Volvo’s XC60 has been the staple diet of the middle classes since it’s introduction in 2008.
What’s the big deal? Why don’t we ever hear bad reports about the XC60? Is it that good? It was about time we found out for ourselves.
Volvo were kind enough to supply us with a Bursting Blue example of the new Volvo XC60 T8 Twin Engine AWD R-Design Pro.
Before we get too carried away we have to warn you, this is a spoiler alert. The XC60 is magnificent!
This is probably the most technically advanced car we’ve driven but is also one the most complete, accomplished packages we’ve seen. All of the driver aides (we’ll come on to them later) and all of the very impressive technology that make the XC60 what it is, work seamlessly and in harmony with each other.
What is the XC60? This is Volvo’s second generation of their mid-size SUV. There is a range of engine options from a 4 cylinder diesel engine to a turbocharged petrol and even a supercharged and turbocharger petrol with an electric engine. Very clever.
Our test car was the T8 twin engine, meaning it had a 2.0L petrol engine which is supercharged and turbocharged, producing 320bhp, powering the front wheels, with an 87bhp electric motor powering the rear wheels. Together they provide a combined power figure of 407bhp, enough to get you to 62mph in 5.3 seconds and on to 140mph.
How does it work? Well, for a start it’s a plug in hybrid. That means it has a battery like an electric vehicle, which can power the car on it’s own for up to 28 miles when fully charged.
When the charge had been used, of if you accelerate briskly, the petrol engine joins in, seamlessly, to provide the extra acceleration.
There are several driving modes to choose from:
Off Road (at low speed, makes the XC60 a serious off road tool)
Pure (the most frugal settings)
Hybrid (a balance between performance and economy, consider this ‘normal’ mode)
Individual (allows you to personalise settings such as suspension, steering, gearbox etc)
In Hybrid, the car is simply beautiful to drive. It’s very fast, very smooth and very easy to drive.
If you have charge in the battery, at low speeds, on part throttle, you are essentially driving a big electric vehicle. It’s whisper quiet and silky smooth.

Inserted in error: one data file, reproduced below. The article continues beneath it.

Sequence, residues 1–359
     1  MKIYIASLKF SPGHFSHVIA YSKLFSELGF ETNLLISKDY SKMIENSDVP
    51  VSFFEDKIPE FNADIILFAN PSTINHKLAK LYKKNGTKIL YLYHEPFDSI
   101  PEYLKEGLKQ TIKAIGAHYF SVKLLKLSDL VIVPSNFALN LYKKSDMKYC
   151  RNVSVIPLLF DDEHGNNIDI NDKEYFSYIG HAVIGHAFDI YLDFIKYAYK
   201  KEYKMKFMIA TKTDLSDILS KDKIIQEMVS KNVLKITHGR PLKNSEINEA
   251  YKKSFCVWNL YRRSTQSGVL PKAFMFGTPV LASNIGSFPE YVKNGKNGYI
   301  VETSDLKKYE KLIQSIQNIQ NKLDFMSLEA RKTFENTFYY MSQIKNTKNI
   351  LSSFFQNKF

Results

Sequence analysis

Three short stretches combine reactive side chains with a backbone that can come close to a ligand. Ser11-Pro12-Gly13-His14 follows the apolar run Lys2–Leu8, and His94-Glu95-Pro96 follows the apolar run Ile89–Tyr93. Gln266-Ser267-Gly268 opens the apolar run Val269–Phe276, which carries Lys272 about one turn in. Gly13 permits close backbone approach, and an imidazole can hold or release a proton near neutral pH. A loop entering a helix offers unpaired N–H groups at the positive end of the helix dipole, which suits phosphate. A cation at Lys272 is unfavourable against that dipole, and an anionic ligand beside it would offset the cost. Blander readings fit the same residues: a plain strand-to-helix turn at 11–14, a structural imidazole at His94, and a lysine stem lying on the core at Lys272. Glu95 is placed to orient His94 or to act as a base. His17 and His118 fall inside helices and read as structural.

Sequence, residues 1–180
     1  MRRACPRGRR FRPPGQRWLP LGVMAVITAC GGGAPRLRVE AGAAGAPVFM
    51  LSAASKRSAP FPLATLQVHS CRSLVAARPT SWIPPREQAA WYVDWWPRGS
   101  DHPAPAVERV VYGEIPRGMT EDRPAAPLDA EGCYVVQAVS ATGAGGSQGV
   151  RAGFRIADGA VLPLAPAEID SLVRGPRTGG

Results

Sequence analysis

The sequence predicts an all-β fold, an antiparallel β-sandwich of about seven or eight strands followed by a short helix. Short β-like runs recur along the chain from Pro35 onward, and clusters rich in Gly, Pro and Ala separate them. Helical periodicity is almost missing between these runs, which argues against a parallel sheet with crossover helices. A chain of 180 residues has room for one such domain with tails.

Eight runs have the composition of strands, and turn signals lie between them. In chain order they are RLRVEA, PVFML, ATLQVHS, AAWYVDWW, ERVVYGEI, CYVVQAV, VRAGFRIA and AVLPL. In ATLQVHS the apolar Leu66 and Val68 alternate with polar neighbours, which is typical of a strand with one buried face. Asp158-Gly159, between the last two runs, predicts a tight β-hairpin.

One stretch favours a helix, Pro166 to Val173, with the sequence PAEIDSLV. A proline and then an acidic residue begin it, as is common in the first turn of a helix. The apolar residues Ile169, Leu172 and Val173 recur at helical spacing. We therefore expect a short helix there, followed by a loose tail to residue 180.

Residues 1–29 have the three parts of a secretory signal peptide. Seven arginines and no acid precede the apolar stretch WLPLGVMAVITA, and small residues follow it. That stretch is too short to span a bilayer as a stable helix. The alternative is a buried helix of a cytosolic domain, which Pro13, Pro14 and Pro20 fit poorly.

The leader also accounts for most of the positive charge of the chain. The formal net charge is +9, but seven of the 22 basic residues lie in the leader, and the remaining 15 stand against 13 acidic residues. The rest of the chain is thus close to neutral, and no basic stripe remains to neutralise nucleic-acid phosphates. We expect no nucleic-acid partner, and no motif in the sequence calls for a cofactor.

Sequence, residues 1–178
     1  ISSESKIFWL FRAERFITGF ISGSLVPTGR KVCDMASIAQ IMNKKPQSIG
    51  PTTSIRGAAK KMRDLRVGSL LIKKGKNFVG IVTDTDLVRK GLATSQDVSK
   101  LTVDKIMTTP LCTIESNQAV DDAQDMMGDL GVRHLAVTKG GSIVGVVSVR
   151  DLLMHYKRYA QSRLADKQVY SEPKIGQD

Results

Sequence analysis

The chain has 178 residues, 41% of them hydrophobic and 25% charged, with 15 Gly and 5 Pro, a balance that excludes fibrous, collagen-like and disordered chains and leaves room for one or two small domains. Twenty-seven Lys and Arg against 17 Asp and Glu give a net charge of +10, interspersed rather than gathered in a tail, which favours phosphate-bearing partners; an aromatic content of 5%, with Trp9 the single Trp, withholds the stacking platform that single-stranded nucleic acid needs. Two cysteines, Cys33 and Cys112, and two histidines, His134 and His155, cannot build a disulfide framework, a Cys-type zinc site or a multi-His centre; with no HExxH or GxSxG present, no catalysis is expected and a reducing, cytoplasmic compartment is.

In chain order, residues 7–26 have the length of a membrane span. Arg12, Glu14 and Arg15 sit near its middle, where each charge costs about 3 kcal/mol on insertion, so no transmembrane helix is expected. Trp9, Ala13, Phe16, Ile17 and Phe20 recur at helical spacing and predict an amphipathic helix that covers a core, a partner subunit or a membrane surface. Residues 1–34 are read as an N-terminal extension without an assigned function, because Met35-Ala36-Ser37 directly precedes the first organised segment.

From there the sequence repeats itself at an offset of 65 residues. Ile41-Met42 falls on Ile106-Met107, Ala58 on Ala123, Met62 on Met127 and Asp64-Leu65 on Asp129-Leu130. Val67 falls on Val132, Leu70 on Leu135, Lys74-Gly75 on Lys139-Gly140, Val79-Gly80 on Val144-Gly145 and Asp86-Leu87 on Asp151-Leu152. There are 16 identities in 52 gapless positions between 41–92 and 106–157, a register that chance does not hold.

If you need more power, or the stored charge in the battery has been depleted, the Volvo switches over to the petrol engine, not so you notice though. From here in, there’s a constant cycle of petrol engine and electric motor working together.
To give you an example; you pull up to a set of traffic lights and when they turn green, you leave the lights on electric power and after maybe 20 or so metres the petrol engine takes over. As you continued to drive, the petrol engine provided the driving force and a small amount of charge for the battery. When you brake, more electricity is generated through the braking force (regenerative braking) which comes into play when you get to the next set of traffic lights…….and so on. It sounds complicated and clunky but believe us when we say, it’s astounding. The transitions from electric to petrol are seamless and smooth and that petrol engine is a masterpiece.
Volvo’s petrol and diesel engines across the XC60 range share some components. They are all aluminium-alloy with a common bottom end and steel piston liners (the diesel has thicker liners). They have twin, belt-driven overhead camshafts with low-friction roller bearings. Petrol engines have overhead direct fuel injectors and diesels have common-rail fuel injectors each with its own pressure sensor, running at 2,500 Bar (36,260 psi).
The diesel is turbo charged with 2 turbo’s arranged sequentially. This means at low speeds, one turbo spools up first, but when you need more power and there’s more exhaust gas, the second turbo joins in. But that’s not all. There’s always an element of lag in a turbocharged engine, but Volvo have a clever system called PowerPulse to combat turbo lag. This is a system that injects compressed air into the first turbo to get it to spin when it would otherwise be dormant, like a kind of polite antilag. Very clever.